Les Portes du Soleil in canton Valais, one of Switzerland's biggest ski resorts, announced that from Friday it would set a quota on the number of skiers allowed on its slopes in a bid to rein in the spread of Covid-19.
“Each day, only a predefined number of day passes will be put on sale”, officials said.
It is the first Swiss resort to impose a limit on the number of skiers. The measure is aimed at preventing unmanageable queues forming at the bottom of the slopes, as was the case recently at another Valais resort, Verbier, where a large, unorganised crowd swarmed around the entrance to a ski lift.
“As the holidays approach, we want to guarantee the best possible experience for our customers and avoid as much as possible the area being saturated”, Enrique Caballero, spokesperson for Les Portes du Soleil told RTS public broadcaster.
[Communiqué Remontées Mécaniques] Le domaine skiable @PDS_CH ne pouvant être relié dans son intégralité, le nombre de skieurs sur les pistes sera limité dès le vendredi 18 décembre. ? pic.twitter.com/LisS8yM3vm
— Région Dents du Midi (@RegDentsDuMidi) December 16, 2020
The ski domain, which shares its slopes with France, made news at the end of November, when it announced that it would put in place a shuttle bus to pick up French skiers at nearby resorts in France and bring them to Switzerland.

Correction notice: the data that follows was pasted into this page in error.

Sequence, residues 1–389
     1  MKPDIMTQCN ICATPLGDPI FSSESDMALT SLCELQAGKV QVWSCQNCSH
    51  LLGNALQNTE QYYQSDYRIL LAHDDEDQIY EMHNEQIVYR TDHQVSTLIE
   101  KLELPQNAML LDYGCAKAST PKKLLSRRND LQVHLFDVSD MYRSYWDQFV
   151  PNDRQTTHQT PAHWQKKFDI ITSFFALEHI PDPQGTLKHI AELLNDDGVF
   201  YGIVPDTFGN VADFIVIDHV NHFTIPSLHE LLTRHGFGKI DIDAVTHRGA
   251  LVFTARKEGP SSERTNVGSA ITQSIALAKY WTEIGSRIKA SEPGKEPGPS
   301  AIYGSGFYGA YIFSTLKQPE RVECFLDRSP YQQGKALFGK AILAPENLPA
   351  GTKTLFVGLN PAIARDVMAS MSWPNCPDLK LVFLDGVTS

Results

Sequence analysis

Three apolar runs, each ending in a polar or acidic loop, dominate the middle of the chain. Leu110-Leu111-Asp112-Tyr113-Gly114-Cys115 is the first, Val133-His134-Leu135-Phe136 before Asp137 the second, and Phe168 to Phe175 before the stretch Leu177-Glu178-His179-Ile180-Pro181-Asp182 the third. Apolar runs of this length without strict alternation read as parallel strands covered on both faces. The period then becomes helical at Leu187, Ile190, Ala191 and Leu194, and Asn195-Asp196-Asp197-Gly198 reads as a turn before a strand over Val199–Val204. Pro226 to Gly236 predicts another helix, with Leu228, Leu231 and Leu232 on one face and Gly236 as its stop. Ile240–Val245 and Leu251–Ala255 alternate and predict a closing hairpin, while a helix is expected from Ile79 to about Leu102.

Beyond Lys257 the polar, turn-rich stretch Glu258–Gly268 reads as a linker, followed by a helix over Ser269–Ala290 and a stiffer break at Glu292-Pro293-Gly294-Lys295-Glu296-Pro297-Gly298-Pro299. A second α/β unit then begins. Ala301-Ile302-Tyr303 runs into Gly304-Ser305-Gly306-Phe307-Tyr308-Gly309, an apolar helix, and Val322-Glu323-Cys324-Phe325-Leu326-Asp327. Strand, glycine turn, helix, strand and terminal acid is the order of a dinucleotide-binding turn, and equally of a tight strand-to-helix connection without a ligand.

But the plan was scrapped when French president Emmanuel Macron said that residents of France heading abroad to ski would have to self-isolate for seven days on return and that border checks would be stepped up in certain areas.
Calls to ban skiing
Meanwhile, the canton of Zurich is urging all Swiss ski areas to close.
The reason for this drastic step is a concern that medical facilities, which are already near their full capacity, will not be able to take in additional patients.
“The hospitals in Zurich are hardly in a position to care for accident victims from the ski areas ”.
While the Zurich area itself has only limited ski possibilities, the worry is that people coming back to the canton with ski injuries sustained elsewhere will overcrowd its already strained health system.
This is based on a suggestion made by authorities in Graubünden that injured skiers should be treated in their cantons of residence and not where they had the accident.
But Zurich’s call is not garnering much support in this ski-loving nation.
“It’s not right that the cantons that have not done anything in the past few weeks are now pointing their fingers at us and turning skiing into a big problem”, said Christophe Darbellay, president of Valais’ Council of State, referring to the lack of strict anti-coronavirus measures throughout most of Swiss-German cantons at the beginning of the second wave.
“For now we will keep our ski areas open and also open those that have not yet started operations”, Darbellay added.
Skiing infrastructure is operating under strict conditions put into place by the Swiss Ski Lift Association as well as public health officials.
For instance, masks are mandatory not only in closed spaces such as mountain trains and cable cars, but also on open-air chair lifts and T-bars, as well as in queues.
In addition, queuing is regulated so it runs in an orderly manner and without major clusters.
The number of passengers in closed ski cabins will be lowered to two thirds of the usual capacity.
And cantons must ensure that they have the hospital capacity and the ability to undertake testing and contact tracing.